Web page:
CRISPR technology targets mood-boosting receptors in brain
An estimated 13 percent of Americans take antidepressant drugs for depression, anxiety, chronic pain or sleep problems. For the 14 million Americans who have clinical depression, roughly one third don't find relief with antidepressants.
But now, researchers at Washington University School of Medicine in St. Louis and Sage Therapeutics in Boston are trying a different approach to alleviate depression. Most antidepressant drugs target serotonin receptors, aiming to boost serotonin, a chemical thought to regulate mood and social behavior. Using CRISPR technology, the scientists have been able to target an altogether different type of receptor called delta-type GABA receptors. They think that natural mood-boosting substances in the brain can target these receptors.
The research is available online in The Journal of Neuroscience.
"There's a real need to develop more effective antidepressants," said principal investigator Steven Mennerick, professor of psychiatry. "The most commonly prescribed antidepressant drugs—such as Prozac, Paxil and Zoloft—were approved by the FDA more than 30 years ago, and there's been a dearth of new antidepressants since then. A completely new approach is warranted."
That new approach involves targeting GABA receptors with substances called neurosteroids, chemicals that occur naturally in the brain and are involved in emotional and motivational brain networks. The research was conducted through the university's Taylor Family Institute for Innovative Psychiatric Research, which was established in 2013 to develop new drugs for depression and other psychiatric illnesses.
"Neurosteroids are thought to selectively interact with delta-type receptors, and there's evidence that those drugs may help patients suffering from depression," said Mennerick, who also is the scientific director of the Taylor Family Institute.
There is an "alphabet soup" of GABA receptor subtypes on brain cells. Targeting the delta-type GABA receptor could help alleviate depression because GABA, an inhibitory neurotransmitter, may help slow down some of the cognitive processes that lead to overwhelming and negative thoughts and feelings. Some types of GABA receptors have been linked to anxiety, but although many scientists have looked at the receptors as potential targets for depression, developing compounds that selectively bind to specific types of GABA receptors has complicated the search.
In the new research, Mennerick and his colleagues focused on GABA receptors located on neurons in the brain's hippocampus, a part of the brain involved in learning and memory. Using CRISPR, they mutated the delta-type GABA receptors to isolate and test their role in brain functioning.
Earlier studies involving Taylor Family Institute scientists and carried forward in human trials by Sage Therapeutics suggested that targeting these receptors could alleviate symptoms of depression in women suffering from severe postpartum depression.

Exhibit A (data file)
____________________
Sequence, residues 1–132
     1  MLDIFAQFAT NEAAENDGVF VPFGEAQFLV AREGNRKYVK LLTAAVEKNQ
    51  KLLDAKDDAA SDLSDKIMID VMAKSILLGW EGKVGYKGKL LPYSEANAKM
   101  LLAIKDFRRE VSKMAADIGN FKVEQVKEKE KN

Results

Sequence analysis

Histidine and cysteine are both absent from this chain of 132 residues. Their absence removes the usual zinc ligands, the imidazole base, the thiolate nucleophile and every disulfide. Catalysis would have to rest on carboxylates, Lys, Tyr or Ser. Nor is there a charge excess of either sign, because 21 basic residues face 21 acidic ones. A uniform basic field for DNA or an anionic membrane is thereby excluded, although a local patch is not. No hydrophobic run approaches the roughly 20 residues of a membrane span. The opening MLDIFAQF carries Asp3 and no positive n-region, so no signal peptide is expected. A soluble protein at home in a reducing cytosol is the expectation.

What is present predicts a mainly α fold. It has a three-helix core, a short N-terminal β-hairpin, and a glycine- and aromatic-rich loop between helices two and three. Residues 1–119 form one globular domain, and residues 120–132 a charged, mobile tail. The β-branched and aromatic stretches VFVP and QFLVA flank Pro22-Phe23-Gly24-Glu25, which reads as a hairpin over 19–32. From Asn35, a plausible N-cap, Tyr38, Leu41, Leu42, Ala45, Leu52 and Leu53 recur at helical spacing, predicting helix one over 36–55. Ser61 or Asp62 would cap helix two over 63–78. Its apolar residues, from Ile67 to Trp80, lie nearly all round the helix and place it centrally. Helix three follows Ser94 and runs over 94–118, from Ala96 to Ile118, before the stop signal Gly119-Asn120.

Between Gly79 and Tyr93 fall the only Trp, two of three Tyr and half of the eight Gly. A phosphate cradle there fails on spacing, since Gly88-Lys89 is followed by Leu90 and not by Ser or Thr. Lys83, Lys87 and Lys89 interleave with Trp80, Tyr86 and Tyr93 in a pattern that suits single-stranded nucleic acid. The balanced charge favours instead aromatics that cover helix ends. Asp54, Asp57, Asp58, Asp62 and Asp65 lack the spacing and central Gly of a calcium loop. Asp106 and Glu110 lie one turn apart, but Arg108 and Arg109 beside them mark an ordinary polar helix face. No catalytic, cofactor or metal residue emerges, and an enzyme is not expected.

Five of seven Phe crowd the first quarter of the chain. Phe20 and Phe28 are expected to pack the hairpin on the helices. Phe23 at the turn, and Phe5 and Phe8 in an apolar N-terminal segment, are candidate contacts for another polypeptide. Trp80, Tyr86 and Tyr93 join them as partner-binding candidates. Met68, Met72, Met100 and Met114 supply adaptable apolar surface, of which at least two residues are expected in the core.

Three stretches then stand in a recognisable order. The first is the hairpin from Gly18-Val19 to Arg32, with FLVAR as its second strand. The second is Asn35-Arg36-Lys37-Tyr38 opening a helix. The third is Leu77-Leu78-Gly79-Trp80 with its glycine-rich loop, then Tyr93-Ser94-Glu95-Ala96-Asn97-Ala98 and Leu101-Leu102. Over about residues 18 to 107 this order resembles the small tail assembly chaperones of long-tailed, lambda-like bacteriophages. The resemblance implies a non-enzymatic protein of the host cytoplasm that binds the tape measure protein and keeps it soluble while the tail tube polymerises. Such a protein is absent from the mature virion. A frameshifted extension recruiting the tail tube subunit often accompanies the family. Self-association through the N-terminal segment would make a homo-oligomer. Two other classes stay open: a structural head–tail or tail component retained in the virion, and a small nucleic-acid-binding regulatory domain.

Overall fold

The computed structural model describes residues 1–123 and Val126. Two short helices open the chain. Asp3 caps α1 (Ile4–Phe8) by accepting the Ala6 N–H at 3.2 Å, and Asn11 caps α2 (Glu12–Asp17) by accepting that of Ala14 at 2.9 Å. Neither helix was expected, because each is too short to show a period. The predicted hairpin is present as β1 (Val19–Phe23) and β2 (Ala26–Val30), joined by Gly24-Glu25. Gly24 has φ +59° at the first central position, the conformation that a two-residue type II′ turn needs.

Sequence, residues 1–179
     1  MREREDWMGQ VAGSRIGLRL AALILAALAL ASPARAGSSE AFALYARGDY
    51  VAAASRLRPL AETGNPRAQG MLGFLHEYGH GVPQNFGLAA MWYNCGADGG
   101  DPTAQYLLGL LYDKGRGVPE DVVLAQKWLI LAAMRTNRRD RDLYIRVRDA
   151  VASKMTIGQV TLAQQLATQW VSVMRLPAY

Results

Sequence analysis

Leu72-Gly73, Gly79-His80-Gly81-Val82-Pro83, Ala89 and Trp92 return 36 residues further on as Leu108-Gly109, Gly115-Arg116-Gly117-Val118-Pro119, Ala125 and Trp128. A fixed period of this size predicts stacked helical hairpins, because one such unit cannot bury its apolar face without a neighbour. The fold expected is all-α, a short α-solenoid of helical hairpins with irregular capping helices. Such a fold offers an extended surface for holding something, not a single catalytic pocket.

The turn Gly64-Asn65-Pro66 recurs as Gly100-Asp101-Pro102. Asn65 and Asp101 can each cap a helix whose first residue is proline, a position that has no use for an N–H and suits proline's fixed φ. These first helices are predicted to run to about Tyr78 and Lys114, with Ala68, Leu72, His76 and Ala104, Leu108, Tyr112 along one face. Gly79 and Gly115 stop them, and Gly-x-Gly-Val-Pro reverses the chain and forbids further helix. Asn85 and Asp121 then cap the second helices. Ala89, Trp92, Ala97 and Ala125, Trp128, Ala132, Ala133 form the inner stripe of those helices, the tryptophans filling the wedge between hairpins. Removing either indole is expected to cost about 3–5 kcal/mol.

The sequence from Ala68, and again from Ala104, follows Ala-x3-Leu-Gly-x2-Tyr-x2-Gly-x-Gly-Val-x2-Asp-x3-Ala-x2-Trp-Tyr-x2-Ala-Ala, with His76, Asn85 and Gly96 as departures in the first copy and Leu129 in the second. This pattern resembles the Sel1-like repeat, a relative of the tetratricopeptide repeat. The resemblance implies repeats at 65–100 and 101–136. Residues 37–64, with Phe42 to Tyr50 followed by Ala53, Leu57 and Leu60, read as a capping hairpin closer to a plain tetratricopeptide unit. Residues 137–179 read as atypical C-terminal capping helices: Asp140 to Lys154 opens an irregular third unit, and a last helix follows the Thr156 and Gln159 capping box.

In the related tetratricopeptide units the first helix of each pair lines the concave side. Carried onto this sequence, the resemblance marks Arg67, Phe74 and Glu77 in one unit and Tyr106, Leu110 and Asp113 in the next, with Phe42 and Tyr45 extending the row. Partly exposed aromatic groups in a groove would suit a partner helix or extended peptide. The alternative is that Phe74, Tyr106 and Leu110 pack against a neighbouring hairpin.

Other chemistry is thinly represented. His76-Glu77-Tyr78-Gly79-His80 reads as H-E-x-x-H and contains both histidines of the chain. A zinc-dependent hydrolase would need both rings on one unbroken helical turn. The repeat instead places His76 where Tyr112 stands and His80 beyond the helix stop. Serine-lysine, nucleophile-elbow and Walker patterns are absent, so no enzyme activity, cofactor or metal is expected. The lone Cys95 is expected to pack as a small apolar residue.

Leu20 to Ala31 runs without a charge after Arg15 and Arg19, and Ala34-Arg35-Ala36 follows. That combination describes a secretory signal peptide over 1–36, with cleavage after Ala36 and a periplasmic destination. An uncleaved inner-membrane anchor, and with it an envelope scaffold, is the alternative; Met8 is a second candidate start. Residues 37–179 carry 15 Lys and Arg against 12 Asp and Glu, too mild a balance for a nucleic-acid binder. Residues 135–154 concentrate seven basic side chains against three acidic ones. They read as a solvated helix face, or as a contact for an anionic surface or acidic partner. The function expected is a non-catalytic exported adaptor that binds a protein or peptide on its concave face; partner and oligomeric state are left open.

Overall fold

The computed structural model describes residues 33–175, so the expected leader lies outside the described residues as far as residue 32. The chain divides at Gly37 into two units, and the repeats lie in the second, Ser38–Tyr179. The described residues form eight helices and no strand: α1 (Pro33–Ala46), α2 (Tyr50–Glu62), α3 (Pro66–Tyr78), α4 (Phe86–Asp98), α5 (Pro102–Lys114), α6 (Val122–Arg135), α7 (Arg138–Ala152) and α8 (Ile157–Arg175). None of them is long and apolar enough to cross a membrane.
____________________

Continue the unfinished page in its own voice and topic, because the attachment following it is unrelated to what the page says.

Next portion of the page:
Last summer, The Lancet published results of a Sage-funded trial of the neurosteroid brexanolone as a treatment for postpartum depression. The study of 21 women showed that depression improved significantly in those given the drug.
Those drug trials did not take place in St. Louis, to avoid conflicts of interest because several Taylor Family Institute researchers serve as scientific advisers for Sage. In the current study, testing the same compound in cell cultures and mice, Mennerick's team is exploring whether the drug works through delta-type GABA receptors.
"The drugs affect GABA receptors, but they also seem to have anti-inflammatory properties," Mennerick said. "We think it may be that special mix of reducing inflammation while activating these receptors that contributes to antidepressant effects."
First author Min-Yu Sun, PhD, a postdoctoral researcher in Mennerick's lab, said the research team next plans to measure the actions of neurosteroids on various GABA receptor subtypes.
"It's very difficult to differentiate among different types of GABA receptors because they share so many common properties," Sun said. "Previously, scientists really had no way to isolate the subtypes, but we can do that with CRISPR/Cas9 gene editing technology to learn how particular drugs affect individual receptor subtypes."
Mennerick explained that if further studies confirm that activating delta-type receptors has antidepressant effects, a next step would be to develop and test more compounds that activate those receptors. He said the mutant mice give them the tool they need to develop more potent drugs that also are more selective, with fewer side effects.
"We have a catalogue of neurosteroid compounds that our colleagues have been developing over the last 20 years, and any one of them could prove to be an effective antidepressant," he said. "If brexanolone works in postpartum depression mainly through these delta-type receptors, then it may work in other types of depression, too. Eventually, the goal would be to develop ever more potent and selective drugs to interact with those same delta-type receptors."
Stephen Kanes et al. Brexanolone (SAGE-547 injection) in post-partum depression: a randomised controlled trial, The Lancet (2017). DOI: 10.1016/S0140-6736(17)31264-3